The Joads geographical surroundings create the first cause of conflict in the novel, serving as its inciting incident. The Joads are a long time farming family, but are forced to abandon this way of life. The land they lived off has dried up and is nothing but dust, Known as the Great Dust Bowl to historians. Unable to live of the land anymore, this forces the Joads to leave their home in search of a better future and is the first in their long list of struggles. Steinbeck use the setting of the Great Dust Bowl in Oklahoma to create conflict for the main characters , but it also helps him show some of the struggles people fought against during the depression. The Joads geographical surroundings serve the dual purpose of creating conflict for the character and illuminating Steinbeck's message.

The Joads faced many difficulties due to their cultural surroundings as well. During the 1930's, finding a job and a way to earn money was extremely hard. The Joads had to fight alongside other desperate people just to survive, and during the time, the culture wasn't to help other, but help yourself. The Joads also had to deal with the animosity people held for people from Oklahoma that had come to take their jobs during that time, creating yet another cultural challenge for them. The setting Steinbeck chose for his novel accomplish, just as before, two things. The cultural surroundings the Joads live in create conflict as well as demonstrate Steinbeck's message.

They are many ways an author can affect and challenge their characters life or traits. One of the more prominet ways is the characters surroundings. The setting they chose is always a key role in the story. A perfect example of this is Steinbeck's choice of Oklahoma during the 1930's for his novel The Grapes of Wrath. The geographical and cultural surroundings he place the Joads in serve their dual propose brilliantly. Not only do they create conflict in the story, but they also highlight many of the challenges common people faced during this hard time.  

Sunday, April 28, 2013

Poetry Essay Prompt 2


1997 Poem: “The Death of a Toad” (Richard Wilbur)
Prompt: Read the following poem carefully. Then write a well-organized essay in which you explain how formal elements such as structure, syntax, diction, and imagery reveal the speaker’s response to the death of a toad.



             THE DEATH OF A TOAD

       A toad the power mower caught,
Chewed and clipped of a leg, with a hobbling hop has got
   To the garden verge, and sanctuaried him
   Under the cineraria leaves, in the shade
      Of the ashen and heartshaped leaves, in a dim,
          Low, and a final glade.

       The rare original heartsbleed goes,
Spends in the earthen hide, in the folds and wizenings, flows
    In the gutters of the banked and staring eyes. He lies
    As still as if he would return to stone,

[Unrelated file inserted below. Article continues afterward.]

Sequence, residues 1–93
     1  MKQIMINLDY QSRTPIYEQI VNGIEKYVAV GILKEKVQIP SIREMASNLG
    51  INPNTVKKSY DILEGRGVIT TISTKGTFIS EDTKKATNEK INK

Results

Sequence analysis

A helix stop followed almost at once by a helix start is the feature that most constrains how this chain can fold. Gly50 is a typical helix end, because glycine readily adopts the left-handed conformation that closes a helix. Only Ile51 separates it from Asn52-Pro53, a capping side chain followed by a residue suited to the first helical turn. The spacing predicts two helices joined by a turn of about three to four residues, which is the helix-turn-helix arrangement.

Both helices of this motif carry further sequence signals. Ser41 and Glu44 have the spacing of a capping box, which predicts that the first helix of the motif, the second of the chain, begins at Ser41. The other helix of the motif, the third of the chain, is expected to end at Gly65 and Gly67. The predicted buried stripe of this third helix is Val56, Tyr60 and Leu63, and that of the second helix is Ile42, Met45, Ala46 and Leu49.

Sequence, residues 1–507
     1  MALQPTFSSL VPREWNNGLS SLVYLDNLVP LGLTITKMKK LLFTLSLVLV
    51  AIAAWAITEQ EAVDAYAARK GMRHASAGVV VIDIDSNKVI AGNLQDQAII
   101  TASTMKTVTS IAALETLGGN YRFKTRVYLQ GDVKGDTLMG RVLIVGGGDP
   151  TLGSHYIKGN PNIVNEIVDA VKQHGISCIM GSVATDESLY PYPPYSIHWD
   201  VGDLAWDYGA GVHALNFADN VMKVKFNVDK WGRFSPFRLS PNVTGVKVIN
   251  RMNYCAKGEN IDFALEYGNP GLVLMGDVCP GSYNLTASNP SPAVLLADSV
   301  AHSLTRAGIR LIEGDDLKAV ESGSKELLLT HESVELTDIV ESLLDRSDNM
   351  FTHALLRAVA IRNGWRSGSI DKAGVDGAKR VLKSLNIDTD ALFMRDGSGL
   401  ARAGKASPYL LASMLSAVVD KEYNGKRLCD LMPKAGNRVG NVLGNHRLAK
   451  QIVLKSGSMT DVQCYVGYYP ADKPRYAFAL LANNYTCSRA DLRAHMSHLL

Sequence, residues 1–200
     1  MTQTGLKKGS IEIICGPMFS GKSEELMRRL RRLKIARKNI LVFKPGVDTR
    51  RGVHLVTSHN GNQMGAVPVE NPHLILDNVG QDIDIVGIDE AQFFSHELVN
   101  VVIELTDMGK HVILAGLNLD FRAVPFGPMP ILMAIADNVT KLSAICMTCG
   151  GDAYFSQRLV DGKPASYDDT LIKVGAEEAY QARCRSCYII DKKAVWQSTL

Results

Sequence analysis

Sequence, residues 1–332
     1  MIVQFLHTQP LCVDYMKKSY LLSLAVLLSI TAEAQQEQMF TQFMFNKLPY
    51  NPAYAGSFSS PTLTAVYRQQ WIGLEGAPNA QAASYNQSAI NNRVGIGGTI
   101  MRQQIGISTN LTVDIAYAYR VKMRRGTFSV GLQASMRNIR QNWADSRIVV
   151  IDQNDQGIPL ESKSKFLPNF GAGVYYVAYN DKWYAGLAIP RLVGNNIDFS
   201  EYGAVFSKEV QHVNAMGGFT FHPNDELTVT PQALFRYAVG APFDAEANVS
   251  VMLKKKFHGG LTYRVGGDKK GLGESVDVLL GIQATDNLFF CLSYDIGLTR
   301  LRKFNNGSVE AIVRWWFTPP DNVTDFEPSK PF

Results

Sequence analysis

And soundlessly attending, dies
           Toward some deep monotone,

       Toward misted and ebullient seas
And cooling shores, toward lost Amphibia^Rs emperies.
    Day dwindles, drowning and at length is gone
    In the wide and antique eyes, which still appear
        To watch, across the castrate lawn,
            The haggard daylight steer.
                                            

I believe an intro paragraph along with shorts bits of how the thesis is supported in the body are enough practice for me to know what I would do with this prompt on an AP essay test.

Everyday, thousands of living things life come to an end, and many of them are so insignificant to us that we would never notice them without some sort of glorification of their passing. Such is the reaction of Richard Wilbur to such events, and this is clearly seen in his poem "The Death of a Toad." In his almost satirical elegy of the lost toad, Wilbur use elements such as syntax, diction and tone to elaborate this response to his readers.

  • Wilbur has a formal syntax, which seems to honor the toads passing, making it seem more important to the reader, showing how he views it as well.
  • A diction of sentient and mournful words with a beautiful  connotation such as "rare original heartbleed" and "some deep monotone" make the reader feel even more sympathetic for the Toads death, show Wilbur's reaction again.
  • Lastly, an admiral, mourning tone the Wilbur displays the toad as very important, and as all the above, highlights his response to the death of the toad.

POETRY ESSAY PROMPT #1

Prompt: The following two poems are about Helen of Troy. Renowned in the ancient world for her beauty, Helen was the wife of Menelaus, a Greek King. She was carried off to Troy by the Trojan prince Paris, and her abduction was the immediate cause of the Trojan War. Read the two poems carefully. Considering such elements as speaker, diction, imagery, form, and tone, write a well-organized essay in which you contrast the speakers’ views of Helen.

I believe an intro paragraph along with shorts bits of how the thesis is supported in the body are enough practice for me to know what I would do with this prompt on an AP essay test.

When the poems of H.D. and Edgar Allan Poe regarding Helen are put side by side, it is plain to see they have differing views of Helen's story. Yet what is more intriguing is how these two authors establish their views in their use of literary elements  Ironically enough, the contrasting views they share are counterbalanced by the fact they both use similar techniques to display them. Both authors have strong use of diction and tone to present their separate ideals. While the diction and tone do differ, their techniques are the same nonetheless. Both authors use diction and tone to establish their different views, Poe the admirer, and H.D. the critic.


  • Poe uses a tone of admiration of Helen's beauty, constantly complimenting it, showing his view of admiration of Helen.
  • H.D.'s tone is more diminishing, as if Helen has done great wrong, showing his critical view of Helen.
  • Poe use a diction strong with appraisal words, such as "Beauty" and "Thy classic face" highlighting his stance on Helen.
  • H.D.'s is strong words against Helen. "All Greece hates" and "All Greece reviles"